“Permitting those who have demonstrated the interest and willingness to ignore state and federal drug laws sends the wrong signals to those who would participate in the legal, regulated industry.” — Robert Mayerson, CEO of Patriot Care
Robert Mayerson’s words tell on themselves.
In early 2017, Mayerson wrote a letter to the Massachusetts Public Health Commission urging the exclusion of people with cannabis convictions from the state’s medical marijuana industry. His plea ignored the irony of his own participation in an industry that remains illegal at the federal level. This hypocrisy is not surprising. …
Got questions about social equity in the cannabis industry? Great! Marijuana Matters is here to break it down for you.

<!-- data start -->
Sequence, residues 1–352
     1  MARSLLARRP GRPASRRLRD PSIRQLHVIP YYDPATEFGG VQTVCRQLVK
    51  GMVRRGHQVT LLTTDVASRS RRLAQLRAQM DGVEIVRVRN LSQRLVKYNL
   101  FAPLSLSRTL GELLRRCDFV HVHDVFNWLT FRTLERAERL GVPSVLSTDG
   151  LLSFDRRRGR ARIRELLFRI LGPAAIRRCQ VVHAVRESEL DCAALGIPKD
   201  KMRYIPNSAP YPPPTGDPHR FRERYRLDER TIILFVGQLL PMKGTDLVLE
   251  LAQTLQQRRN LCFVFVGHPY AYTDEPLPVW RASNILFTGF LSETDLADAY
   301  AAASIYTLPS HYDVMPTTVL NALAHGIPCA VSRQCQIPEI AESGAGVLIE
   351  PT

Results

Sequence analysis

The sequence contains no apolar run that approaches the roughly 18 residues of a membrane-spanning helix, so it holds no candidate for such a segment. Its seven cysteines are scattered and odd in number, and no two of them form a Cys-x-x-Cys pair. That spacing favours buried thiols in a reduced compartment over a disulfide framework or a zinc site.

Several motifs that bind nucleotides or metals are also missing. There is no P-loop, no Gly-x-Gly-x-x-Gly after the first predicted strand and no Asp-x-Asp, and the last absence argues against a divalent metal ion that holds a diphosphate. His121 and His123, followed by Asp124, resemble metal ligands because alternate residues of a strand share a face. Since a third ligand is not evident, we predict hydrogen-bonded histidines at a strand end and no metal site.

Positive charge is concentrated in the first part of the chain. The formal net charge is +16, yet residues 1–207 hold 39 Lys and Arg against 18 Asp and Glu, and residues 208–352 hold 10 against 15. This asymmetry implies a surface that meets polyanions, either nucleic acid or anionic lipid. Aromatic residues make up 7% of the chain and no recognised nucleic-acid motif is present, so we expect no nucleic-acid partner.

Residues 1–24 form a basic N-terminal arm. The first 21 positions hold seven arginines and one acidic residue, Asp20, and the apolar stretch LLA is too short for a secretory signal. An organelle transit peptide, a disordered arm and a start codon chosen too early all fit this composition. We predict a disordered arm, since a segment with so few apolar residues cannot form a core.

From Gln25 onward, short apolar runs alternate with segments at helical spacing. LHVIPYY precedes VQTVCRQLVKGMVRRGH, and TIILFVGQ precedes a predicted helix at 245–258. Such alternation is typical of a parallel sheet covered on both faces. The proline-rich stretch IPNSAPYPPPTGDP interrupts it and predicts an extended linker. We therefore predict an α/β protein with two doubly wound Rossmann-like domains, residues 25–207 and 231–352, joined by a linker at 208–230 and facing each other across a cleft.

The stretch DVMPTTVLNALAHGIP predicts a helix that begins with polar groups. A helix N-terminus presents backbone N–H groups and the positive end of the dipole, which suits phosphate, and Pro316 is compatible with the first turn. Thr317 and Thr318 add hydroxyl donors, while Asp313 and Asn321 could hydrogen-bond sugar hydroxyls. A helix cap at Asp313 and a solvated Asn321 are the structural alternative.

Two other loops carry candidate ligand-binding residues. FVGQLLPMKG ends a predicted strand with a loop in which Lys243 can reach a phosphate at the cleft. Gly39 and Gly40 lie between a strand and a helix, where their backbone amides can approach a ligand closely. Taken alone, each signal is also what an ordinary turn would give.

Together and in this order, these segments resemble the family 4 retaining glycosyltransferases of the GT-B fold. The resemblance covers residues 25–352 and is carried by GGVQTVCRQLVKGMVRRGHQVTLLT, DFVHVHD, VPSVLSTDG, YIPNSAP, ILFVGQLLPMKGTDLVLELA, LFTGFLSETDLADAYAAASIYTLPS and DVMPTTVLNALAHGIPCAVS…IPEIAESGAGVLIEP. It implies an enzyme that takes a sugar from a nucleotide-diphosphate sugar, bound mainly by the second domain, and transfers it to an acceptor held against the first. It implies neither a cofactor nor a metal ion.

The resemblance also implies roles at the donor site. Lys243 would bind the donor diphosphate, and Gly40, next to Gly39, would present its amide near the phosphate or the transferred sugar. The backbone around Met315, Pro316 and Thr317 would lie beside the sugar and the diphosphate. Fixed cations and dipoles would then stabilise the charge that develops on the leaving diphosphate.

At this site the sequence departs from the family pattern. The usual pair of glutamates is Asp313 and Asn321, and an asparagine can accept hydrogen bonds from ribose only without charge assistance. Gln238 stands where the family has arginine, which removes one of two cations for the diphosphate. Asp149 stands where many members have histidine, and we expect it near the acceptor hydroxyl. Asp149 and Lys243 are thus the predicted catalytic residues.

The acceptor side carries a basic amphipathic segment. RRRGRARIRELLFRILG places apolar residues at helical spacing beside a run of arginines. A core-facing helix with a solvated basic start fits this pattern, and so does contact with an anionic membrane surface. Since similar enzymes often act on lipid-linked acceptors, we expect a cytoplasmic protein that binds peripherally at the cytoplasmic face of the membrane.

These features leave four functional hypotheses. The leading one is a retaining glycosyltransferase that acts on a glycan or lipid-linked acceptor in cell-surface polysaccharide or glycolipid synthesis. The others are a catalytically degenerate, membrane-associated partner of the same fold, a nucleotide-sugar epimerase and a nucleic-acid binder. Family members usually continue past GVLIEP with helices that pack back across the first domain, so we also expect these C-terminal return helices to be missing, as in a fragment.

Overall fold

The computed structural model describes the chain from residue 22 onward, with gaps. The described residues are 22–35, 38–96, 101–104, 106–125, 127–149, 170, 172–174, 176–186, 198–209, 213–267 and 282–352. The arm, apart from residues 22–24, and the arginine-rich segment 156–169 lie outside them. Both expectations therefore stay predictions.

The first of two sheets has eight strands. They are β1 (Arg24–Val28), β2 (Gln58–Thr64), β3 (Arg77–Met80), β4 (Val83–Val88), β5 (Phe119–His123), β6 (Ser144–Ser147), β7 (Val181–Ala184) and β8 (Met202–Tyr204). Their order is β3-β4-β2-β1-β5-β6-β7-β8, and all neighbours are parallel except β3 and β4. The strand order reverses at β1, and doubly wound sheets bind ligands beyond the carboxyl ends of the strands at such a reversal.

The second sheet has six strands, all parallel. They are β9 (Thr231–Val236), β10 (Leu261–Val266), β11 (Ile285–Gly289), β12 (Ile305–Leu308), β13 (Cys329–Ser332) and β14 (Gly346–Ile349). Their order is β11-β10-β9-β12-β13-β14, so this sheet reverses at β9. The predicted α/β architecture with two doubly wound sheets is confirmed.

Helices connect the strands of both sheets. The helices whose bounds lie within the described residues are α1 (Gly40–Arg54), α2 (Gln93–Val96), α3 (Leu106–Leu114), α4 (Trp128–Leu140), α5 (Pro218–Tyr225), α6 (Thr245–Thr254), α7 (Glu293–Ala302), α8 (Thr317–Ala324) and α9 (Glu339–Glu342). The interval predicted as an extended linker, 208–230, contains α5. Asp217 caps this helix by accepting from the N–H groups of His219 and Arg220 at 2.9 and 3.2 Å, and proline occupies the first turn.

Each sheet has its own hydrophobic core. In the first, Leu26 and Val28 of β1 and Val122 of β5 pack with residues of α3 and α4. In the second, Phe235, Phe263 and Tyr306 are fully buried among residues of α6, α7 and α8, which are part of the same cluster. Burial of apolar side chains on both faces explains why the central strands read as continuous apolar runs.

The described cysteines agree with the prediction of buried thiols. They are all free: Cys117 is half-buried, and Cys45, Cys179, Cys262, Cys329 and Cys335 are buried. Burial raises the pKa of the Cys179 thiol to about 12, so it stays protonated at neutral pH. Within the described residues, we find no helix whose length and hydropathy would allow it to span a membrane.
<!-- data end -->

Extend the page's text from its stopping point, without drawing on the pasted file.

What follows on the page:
Social equity is a commitment to fairness and justice. It addresses the underlying systemic inequalities that make certain resources less accessible to vulnerable populations.
Marijuana Matters defines social equity in the cannabis industry this way:
Social equity is the equitable distribution of resources and services by all public serving institutions to promote and ensure fair and equitable access to opportunities and outcomes for individuals from and in communities historically and disproportionately impacted by the war on drugs.
Policy makers and businesses can begin to engage in the process of social equity by questioning how policies, legislation, and practices benefit or harm communities disproportionately impacted by the war on drugs. …
On January 16, 1865, the US government agreed to give land to formerly enslaved Black people.
It was an astonishing promise. 400,000 acres on the southeastern coast of the United States would be taken from confederates and redistributed to Black people.